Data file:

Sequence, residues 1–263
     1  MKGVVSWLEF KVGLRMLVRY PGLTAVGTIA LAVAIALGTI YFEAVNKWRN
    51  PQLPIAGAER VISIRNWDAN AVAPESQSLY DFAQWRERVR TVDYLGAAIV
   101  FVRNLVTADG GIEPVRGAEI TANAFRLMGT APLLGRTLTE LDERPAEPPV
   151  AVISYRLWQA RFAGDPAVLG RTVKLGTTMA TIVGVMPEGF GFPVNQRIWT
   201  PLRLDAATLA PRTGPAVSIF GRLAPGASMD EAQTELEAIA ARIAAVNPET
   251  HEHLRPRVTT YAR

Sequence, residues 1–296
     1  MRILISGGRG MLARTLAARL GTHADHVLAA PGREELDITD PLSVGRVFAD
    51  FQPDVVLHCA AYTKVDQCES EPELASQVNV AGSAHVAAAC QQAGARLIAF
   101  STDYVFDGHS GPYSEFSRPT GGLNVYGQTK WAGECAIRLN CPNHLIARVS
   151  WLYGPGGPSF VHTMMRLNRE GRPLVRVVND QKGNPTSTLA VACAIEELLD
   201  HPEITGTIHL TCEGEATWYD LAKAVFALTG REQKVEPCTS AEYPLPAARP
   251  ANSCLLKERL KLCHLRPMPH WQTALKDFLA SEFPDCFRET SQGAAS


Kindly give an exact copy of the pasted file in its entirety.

Sequence, residues 1–263
     1  MKGVVSWLEF KVGLRMLVRY PGLTAVGTIA LAVAIALGTI YFEAVNKWRN
    51  PQLPIAGAER VISIRNWDAN AVAPESQSLY DFAQWRERVR TVDYLGAAIV
   101  FVRNLVTADG GIEPVRGAEI TANAFRLMGT APLLGRTLTE LDERPAEPPV
   151  AVISYRLWQA RFAGDPAVLG RTVKLGTTMA TIVGVMPEGF GFPVNQRIWT
   201  PLRLDAATLA PRTGPAVSIF GRLAPGASMD EAQTELEAIA ARIAAVNPET
   251  HEHLRPRVTT YAR

Sequence, residues 1–296
     1  MRILISGGRG MLARTLAARL GTHADHVLAA PGREELDITD PLSVGRVFAD
    51  FQPDVVLHCA AYTKVDQCES EPELASQVNV AGSAHVAAAC QQAGARLIAF
   101  STDYVFDGHS GPYSEFSRPT GGLNVYGQTK WAGECAIRLN CPNHLIARVS
   151  WLYGPGGPSF VHTMMRLNRE GRPLVRVVND QKGNPTSTLA VACAIEELLD
   201  HPEITGTIHL TCEGEATWYD LAKAVFALTG REQKVEPCTS AEYPLPAARP
   251  ANSCLLKERL KLCHLRPMPH WQTALKDFLA SEFPDCFRET SQGAAS